Work on adding an API layer for one of the key systems used by NSW Roads and Maritime Services has opened up new ways of interacting with the agency’s services.
DRIVES — the DRIver and VEhicle IT System — is the central system for motor vehicle registration and driver licensing in NSW, including collecting associated revenue and recording driving infringements.
The system deals with almost $4 billion in revenue and holds the registration details of almost 4.5 million people and 4 million licence holders, according to RMS.
“Only last week the learner driver logbook was launched, allowing learner drivers the freedom of doing away with the paper logbook and to choose from three downloadable apps – the first of many IT innovations in the works and all thanks to some tinkering to the back-end of DRIVES,” said RMS executive director, business services, Matt Fuller.
RMS now officially endorses three independently developed log-book apps: L2P, Licence Ready and L Roundtrip.
The three apps are accepted by RMS and Service NSW as evidence for the 120 hours of driving experience required by most Learner drivers before they apply for a Provisional licence.
The work by RMS has also paved the way for an upcoming rollout of digital driver’s licences.
New South Wales in November launched its first wave of digital licences, with the state’s residents able to store a digital version of their fishing licence, Responsible Service of Alcohol (RSA) and Responsible Conduct of Gambling (RCG) competency cards on a tablet or smartphone.
The digital licence system is linked to the MyServiceNSW single customer account launched by the state in early 2016.
In March, the NSW government revealed that more than 20,000 people had taken advantage of the new system. Support for boat licences and vessel registration was rolled out in July this year.
The state government has announced that in November it will stage a trial of digital driver’s licences in Dubbo.
“DRIVES has historically been a closed system but recent work has allowed these projects to be enabled by providing the integration API which external users, such as app developers, can use in developing their own interfaces,” Fuller said.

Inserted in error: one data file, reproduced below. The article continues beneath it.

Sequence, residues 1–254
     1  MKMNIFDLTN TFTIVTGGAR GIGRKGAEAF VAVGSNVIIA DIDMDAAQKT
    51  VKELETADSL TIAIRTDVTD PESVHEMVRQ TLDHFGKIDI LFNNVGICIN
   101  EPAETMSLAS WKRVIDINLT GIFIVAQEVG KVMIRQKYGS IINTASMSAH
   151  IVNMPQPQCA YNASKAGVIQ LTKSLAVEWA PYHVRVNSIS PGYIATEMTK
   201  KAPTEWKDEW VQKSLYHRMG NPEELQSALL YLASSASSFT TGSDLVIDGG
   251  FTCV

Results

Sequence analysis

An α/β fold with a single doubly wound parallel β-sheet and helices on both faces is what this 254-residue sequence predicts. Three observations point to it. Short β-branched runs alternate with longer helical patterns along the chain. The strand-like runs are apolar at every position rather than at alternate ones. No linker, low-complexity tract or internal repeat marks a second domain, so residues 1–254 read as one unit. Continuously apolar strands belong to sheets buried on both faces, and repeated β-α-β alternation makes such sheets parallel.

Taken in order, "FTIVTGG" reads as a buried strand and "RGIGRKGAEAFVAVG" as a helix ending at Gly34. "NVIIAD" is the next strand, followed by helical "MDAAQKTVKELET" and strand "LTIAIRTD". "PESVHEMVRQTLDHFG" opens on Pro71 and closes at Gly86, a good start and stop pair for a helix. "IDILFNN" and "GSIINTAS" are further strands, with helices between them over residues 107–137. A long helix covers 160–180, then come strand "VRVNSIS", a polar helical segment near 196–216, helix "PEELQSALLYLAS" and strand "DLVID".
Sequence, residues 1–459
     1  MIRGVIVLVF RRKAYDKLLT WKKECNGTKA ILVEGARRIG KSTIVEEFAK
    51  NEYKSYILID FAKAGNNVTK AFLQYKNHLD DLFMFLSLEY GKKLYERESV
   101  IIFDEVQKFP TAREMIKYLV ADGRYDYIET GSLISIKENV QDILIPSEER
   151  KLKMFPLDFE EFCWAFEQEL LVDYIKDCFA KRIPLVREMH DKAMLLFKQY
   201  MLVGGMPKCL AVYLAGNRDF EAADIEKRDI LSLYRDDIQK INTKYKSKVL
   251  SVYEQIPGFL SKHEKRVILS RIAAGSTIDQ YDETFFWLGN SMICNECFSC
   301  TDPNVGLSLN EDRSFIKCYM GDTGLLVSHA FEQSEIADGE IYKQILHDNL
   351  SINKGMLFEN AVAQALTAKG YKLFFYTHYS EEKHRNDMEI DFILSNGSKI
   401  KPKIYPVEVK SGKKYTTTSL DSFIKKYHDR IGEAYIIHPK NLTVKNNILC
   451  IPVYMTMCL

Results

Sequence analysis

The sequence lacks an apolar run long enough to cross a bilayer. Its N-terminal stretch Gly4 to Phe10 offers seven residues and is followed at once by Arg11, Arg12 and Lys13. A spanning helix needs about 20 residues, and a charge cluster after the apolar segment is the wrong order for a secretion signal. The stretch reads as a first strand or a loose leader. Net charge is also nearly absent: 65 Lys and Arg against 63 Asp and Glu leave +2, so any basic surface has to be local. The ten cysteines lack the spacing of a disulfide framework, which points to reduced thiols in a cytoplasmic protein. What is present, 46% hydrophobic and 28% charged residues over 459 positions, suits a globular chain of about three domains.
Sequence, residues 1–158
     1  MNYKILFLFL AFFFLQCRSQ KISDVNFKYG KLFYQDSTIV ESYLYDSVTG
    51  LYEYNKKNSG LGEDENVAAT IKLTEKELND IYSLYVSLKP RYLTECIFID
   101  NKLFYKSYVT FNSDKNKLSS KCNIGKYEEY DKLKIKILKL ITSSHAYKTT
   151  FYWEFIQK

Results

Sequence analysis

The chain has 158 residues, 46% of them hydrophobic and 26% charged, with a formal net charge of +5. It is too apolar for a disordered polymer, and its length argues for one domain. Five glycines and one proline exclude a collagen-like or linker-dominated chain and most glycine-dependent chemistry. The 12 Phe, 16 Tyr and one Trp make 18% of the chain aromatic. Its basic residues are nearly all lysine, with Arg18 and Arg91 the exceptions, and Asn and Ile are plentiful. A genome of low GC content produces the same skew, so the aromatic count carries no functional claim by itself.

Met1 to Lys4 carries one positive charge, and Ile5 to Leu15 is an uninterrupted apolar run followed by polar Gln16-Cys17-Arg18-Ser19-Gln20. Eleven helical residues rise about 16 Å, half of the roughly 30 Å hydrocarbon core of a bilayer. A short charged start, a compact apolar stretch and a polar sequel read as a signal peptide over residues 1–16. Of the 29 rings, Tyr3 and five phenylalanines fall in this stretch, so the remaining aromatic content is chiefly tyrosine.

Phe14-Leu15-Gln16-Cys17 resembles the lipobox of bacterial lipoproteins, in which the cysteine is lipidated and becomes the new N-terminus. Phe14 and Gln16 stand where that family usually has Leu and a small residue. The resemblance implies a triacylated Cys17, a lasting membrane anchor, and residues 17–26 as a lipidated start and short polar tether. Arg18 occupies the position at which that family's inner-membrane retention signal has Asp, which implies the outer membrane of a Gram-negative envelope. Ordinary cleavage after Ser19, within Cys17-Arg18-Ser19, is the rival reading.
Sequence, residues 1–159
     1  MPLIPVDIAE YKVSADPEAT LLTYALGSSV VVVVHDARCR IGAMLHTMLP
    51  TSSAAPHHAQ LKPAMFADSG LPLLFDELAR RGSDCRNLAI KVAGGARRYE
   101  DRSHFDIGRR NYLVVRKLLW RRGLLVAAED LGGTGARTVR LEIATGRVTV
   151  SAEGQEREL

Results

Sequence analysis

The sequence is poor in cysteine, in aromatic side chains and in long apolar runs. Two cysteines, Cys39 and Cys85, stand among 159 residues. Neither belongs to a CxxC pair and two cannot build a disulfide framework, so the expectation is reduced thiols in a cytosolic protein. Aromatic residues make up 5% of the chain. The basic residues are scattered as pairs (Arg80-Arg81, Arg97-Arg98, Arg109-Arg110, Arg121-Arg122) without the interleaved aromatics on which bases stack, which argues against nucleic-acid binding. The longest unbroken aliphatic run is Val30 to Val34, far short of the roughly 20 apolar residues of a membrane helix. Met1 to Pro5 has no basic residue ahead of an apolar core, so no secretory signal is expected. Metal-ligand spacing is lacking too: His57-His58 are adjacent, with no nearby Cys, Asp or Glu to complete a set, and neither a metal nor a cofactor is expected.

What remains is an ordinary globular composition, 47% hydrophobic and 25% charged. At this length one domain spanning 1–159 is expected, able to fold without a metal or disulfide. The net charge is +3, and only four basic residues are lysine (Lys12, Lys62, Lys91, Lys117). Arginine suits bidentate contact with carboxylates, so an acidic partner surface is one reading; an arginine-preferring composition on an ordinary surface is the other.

“It wasn’t designed to be modern and allow others to integrate and transact, so we’ve worked hard to provide this API layer on top of DRIVES to provide more agility.”
The integration work also enabled the launch earlier this year of a system to streamline the medical assessment of drivers.
From 1 March, medical professionals have been able to submit NSW Fitness to Drive Medical Assessment forms online, which according to RMS means that some 400,000 motorists will not need to visit a service centre in person.
“It’s fully integrated and a good example of how we want to work with industry to digitise the process and allow customer better experiences,” Fuller said.
“One of our key outcomes for DRIVES is to automate, digitise, and place the customer at the centre as much as possible, removing manual processes to improve the customer experience and reduce costs,” he said.
In April, RMS brought on board a new chief information officer: Former Etihad Airways technology and innovation VP Rob Putter. (Putter replaced Joe Attanasio who left RMS in November.)
Putter was tasked with overseeing the rationalisation, consolidation and modernisation of RMS’s technology environment, including legacy systems transformations,
Fuller said that under the new CIO’s leadership RMS had had some success in luring “some key high level IT specialists” from the private sector.
“These are exciting times,” Fuller said. “These projects are about starting to really enable third-party capabilities to integrate safely with the data in DRIVES to allow application innovation on be built on top.”